Definitely, I think that makes a lot of sense. It’s kind of funny how things work out, right? I’m back to being independent—by choice, actually—and it’s definitely something new again. Well, it’s new, but it’s not new. Because I’ve gone through this before. I’ve done the whole independent thing back when I was building up my career from scratch. Only this time around, it’s going back to being independent after having been an established artist. An established independent artist. So it’s kind of bittersweet.
The last time I was independent, I was so new and was trying to do things in the US but I was broke, I had no money … Yet now here I am, I have fans from all over the world, but I’m (back to being) independent. So let’s just create the kind of music that I love.
I’ve been listening to a lot of songs from my first album, and I feel like the stuff that I’ve been writing now sound like they could’ve been in that first album. That’s kind of what I’m feeling working on my music right now.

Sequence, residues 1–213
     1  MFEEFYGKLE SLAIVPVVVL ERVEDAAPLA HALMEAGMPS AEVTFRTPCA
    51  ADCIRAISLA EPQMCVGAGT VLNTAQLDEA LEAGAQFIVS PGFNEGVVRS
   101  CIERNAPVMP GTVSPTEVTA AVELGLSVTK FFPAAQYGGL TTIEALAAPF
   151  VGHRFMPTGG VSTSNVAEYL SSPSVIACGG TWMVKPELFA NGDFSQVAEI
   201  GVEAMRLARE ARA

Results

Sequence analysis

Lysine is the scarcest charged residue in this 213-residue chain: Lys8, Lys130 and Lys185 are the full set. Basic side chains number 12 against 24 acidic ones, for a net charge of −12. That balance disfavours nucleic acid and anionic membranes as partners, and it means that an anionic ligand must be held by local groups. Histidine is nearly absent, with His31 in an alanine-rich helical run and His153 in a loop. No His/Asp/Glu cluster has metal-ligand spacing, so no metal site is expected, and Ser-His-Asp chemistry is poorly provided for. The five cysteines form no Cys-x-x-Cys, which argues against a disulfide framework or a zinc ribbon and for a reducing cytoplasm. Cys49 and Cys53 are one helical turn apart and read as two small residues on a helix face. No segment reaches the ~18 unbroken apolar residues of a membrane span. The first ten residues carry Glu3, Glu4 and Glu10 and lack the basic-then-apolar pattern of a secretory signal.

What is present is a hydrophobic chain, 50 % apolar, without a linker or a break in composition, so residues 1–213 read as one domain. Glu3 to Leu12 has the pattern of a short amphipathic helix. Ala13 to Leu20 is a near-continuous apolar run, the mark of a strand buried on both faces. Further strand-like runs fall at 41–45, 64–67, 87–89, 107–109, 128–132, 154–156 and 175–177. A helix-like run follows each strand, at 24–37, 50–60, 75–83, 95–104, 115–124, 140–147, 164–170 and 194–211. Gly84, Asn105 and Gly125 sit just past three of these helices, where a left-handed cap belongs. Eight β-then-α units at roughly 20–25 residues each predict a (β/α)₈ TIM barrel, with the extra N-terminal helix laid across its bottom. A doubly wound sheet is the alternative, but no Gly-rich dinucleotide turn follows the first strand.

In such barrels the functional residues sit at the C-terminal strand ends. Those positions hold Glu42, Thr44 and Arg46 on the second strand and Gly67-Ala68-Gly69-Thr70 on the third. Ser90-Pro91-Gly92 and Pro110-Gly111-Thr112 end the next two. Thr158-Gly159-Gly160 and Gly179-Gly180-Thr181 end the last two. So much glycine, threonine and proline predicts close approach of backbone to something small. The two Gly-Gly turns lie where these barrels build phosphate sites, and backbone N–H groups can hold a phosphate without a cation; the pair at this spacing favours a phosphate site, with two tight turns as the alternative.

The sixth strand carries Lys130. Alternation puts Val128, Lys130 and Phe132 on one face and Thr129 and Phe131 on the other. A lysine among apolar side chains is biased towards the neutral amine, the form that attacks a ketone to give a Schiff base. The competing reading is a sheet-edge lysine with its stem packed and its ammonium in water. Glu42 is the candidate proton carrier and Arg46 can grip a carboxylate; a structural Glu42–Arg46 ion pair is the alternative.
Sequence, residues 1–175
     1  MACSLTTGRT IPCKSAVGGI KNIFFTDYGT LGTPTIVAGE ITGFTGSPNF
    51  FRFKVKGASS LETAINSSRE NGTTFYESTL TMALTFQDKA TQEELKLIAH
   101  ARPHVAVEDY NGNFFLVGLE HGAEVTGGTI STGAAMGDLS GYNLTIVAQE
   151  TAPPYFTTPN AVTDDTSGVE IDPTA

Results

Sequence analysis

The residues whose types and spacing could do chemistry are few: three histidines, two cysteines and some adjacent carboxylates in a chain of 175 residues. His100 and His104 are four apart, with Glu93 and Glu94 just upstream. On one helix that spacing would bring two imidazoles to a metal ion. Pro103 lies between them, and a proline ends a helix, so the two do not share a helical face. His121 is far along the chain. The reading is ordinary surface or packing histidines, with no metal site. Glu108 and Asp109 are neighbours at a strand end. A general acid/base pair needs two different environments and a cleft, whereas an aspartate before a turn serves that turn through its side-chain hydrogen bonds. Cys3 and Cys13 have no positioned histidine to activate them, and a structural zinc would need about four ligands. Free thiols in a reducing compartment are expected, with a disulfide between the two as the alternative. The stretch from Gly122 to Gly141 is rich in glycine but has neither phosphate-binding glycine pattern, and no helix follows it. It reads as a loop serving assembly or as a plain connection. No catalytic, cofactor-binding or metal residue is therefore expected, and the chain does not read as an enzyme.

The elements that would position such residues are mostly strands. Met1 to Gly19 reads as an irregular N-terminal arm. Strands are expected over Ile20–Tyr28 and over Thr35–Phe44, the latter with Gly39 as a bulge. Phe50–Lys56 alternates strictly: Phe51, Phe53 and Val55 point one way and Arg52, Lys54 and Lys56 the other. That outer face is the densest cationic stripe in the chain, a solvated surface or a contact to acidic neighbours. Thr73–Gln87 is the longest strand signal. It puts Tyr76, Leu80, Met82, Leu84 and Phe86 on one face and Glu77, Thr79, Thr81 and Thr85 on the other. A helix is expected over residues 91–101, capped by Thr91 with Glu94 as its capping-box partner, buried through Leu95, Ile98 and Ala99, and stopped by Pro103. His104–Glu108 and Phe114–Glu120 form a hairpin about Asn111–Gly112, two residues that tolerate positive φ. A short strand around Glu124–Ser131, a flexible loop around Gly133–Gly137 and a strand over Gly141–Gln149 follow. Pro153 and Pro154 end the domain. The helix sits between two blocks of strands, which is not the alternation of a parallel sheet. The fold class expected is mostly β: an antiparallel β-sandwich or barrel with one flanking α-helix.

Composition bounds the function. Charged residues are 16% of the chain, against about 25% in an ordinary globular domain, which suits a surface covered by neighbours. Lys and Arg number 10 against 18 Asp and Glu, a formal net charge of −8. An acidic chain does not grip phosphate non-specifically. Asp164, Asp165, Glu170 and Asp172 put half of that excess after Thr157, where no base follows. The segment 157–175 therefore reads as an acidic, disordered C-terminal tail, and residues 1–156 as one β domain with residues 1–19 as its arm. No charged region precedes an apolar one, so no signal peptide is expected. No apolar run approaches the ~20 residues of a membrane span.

So I guess you can say that I’ve been feeling really retrospective. You just miss it, you know? And I’m back here in KL, back to recording in my bedroom… this is where I make my music. It’s kind of crazy, that 10 years later, I’m back to working on my music by myself, producing and playing the guitar and recording by myself again…

One could say that you’ve come full circle.

Yes, kind of. That’s really interesting, that’s a great concept. Thank you so much! That’s like a light bulb moment right now.

(Check out Part 2 of our interview, when Yuna talks candidly about songwriting and the traumatic experience that started it all).